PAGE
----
VIDEOS: Facebook’s @Scale 2014, Web Track

by David Cohen

Migrating Wikipedia to HHVM - @Scale 2014 - Web

Ori Livneh, Senior Performance Engineer at the Wikimedia Foundation Performance is a serious challenge for Wikipedia, particularly when serving users via a legacy PHP application more than a decade old. Any action which bypasses caching, such as editing Wikipedia, takes a serious hit from the limitations of the PHP run time. To solve this problem, we decided to take on the ambitious task of migrating to a new stack centered on HHVM, a virtual machine for PHP with an associated just-in-time compiler.


Creating Interactive Learning Interfaces at Khan Academy - @Scale 2014 - Web

Ben Alpert and Pamela Fox, Software Engineers at Khan Academy In this talk, hear from two Khan Academy engineers about how they build two very different learning interfaces: the interactive math exercises, which are built with React and work on both web and mobile, and the live coding editor, which depends on the latest HTML5 features like web workers and content security policy.


WebP at YouTube: Faster images on Desktop and Mobile - @Scale 2014 - Web

Mikhail Sychev, Software Engineer at Google Despite being a video-sharing website, YouTube is one of the largest image hosting platforms on the internet, serving over a hundred billion images a day. For the last year YouTube has been working on a site-wide WebP adoption project and as a result now serve it to mobile, desktop and TV. We want to share both highlights and lowlights of our effort to bring faster video thumbnails to the web.


Adaptable Systems and UI Components - @Scale 2014 - Web

Nicolas Gallagher, Engineer at Twitter Twitter's web products–-and the people designing and building them–-are under pressure to adapt to ever-changing conditions. The ability to move quickly and predictably is a major competitive advantage. This talk provides an overview of why Nicolas think UI components are an important part of designing adaptable systems


Advanced Debugging Techniques with Chrome - @Scale 2014 - Web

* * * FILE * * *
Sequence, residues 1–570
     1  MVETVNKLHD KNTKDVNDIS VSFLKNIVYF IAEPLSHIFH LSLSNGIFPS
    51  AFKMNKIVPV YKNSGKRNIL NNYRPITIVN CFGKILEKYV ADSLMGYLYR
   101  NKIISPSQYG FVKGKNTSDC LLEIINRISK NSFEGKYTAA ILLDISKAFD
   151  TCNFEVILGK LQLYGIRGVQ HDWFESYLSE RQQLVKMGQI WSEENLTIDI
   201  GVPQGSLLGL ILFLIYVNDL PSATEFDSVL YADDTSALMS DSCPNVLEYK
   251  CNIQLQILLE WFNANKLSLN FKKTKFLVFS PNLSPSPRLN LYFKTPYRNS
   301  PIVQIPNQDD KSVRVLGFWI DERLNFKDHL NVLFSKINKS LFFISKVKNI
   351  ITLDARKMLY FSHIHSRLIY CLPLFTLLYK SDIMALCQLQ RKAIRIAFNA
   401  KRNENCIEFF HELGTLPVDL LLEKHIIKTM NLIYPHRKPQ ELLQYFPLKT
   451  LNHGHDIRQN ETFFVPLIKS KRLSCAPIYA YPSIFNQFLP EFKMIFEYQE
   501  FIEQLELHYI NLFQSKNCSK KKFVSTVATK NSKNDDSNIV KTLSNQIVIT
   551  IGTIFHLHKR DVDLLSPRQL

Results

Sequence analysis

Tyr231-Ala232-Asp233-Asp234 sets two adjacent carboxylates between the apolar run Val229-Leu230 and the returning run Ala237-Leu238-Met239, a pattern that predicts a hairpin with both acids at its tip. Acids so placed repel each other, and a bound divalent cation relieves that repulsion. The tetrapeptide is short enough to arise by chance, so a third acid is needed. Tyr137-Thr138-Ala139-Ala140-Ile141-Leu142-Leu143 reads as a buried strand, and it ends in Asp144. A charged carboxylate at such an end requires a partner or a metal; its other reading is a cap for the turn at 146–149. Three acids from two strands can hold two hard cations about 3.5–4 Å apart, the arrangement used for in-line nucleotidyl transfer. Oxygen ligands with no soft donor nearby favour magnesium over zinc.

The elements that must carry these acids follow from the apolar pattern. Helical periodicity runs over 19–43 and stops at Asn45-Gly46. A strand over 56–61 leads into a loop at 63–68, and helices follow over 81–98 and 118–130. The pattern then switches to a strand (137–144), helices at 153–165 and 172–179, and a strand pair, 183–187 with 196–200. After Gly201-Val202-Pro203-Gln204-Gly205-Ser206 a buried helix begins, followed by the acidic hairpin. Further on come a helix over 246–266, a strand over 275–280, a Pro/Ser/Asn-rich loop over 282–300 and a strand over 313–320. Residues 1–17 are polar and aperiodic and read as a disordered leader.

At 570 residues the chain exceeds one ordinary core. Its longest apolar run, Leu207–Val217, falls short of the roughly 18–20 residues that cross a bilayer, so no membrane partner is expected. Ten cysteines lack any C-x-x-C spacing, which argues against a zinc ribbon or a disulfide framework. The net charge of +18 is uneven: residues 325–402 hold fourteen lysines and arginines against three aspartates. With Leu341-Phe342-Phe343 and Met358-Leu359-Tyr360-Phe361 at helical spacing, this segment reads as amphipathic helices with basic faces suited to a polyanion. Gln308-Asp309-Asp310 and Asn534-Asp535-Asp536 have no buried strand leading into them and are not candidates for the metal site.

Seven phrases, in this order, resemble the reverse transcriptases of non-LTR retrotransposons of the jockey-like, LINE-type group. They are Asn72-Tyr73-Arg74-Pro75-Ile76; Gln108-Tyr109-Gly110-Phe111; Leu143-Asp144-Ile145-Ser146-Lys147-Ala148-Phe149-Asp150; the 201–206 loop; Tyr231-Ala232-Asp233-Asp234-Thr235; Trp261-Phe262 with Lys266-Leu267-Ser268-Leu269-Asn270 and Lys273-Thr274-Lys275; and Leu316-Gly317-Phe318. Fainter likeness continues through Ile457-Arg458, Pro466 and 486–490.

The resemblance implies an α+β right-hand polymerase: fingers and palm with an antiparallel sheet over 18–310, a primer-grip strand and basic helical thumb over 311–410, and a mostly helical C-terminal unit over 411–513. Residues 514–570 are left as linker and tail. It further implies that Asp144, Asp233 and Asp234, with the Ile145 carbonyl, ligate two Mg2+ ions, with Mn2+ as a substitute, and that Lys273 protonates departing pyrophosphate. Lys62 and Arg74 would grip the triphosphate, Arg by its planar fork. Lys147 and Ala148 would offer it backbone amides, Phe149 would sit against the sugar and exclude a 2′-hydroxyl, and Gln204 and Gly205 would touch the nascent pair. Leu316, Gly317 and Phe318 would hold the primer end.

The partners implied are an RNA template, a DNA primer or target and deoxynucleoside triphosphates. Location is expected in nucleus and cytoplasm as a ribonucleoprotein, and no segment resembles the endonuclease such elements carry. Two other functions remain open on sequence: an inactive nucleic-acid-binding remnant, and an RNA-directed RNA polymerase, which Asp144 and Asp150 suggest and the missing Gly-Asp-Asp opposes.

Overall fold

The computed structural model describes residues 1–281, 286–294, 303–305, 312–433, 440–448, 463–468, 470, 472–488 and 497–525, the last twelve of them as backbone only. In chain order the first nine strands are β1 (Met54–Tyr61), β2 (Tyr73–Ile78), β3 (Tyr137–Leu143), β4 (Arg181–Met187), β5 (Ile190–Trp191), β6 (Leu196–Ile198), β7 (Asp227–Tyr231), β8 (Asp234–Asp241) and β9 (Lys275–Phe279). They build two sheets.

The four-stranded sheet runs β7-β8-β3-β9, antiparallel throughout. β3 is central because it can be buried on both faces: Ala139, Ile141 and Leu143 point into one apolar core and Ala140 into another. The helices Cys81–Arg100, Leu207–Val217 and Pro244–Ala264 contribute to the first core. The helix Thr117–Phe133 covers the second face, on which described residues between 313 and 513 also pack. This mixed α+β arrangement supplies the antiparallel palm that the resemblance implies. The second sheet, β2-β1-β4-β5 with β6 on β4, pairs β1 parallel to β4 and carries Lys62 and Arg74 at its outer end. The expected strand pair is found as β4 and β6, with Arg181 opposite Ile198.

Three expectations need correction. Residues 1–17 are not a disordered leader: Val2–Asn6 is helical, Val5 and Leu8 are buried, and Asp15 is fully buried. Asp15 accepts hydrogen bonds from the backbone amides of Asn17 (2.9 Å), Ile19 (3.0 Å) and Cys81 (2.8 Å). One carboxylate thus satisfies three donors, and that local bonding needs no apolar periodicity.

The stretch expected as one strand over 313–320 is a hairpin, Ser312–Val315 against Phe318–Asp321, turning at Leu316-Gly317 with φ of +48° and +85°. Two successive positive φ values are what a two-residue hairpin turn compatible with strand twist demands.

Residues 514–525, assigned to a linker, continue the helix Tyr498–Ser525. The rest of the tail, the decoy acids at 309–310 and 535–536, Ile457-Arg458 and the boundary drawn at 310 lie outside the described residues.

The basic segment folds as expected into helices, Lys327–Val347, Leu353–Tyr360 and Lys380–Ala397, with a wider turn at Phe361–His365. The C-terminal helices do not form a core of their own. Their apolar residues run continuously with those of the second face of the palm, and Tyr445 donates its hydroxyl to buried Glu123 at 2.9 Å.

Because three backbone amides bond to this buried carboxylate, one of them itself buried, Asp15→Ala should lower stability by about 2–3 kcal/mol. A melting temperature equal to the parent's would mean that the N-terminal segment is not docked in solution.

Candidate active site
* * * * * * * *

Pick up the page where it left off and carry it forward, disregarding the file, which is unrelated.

Paul Irish, Developer Advocate for Google Chrome The bigger your app, the harder to trace down bugs to their sources. Luckily, a slew of functionality is in the Chrome DevTools that are dedicated to helping you avoid the bug hunt and keeping you productive. In this session, Paul will cover some advanced JavaScript debugging techniques and show how to be effective. From framework blackboxing to asynchronous callstacks and promises, there's plenty to iincorporate into your development.


JavaScript Testing and Static Type Systems at Scale - @Scale 2014 - Web

Avik Chaudhuri, Software Engineer at Facebook and Jeff Morrison, Software Engineer at Facebook To encourage engineers to continue to make changes to the codebase, we spent some time identifying various important traits around automated testing, and used our insights to build a tool (called Jest) that makes it as simple and straightforward as possible for developers to write tests. The code we write must not only exploit the full flexibility and expressiveness offered by the JavaScript language, but also clear an incredibly high bar for robustness, performance, and hackability. At Facebook, we're working on adding static types to JavaScript without disempowering the dynamism that makes JavaScript great.


Asynchronous Programming at Netflix - @Scale 2014 - Web

Jafar Husain, Technical Lead at Netflix What's does a mouse drag event have in common with an array of numbers? The answer to this question may surprise you: they are both collections. This key insight holds the key to dramatically simplifying asynchronous programming in JavaScript. In this talk you will learn how you can use the familiar JavaScript Array methods to create surprisingly expressive asynchronous programs.

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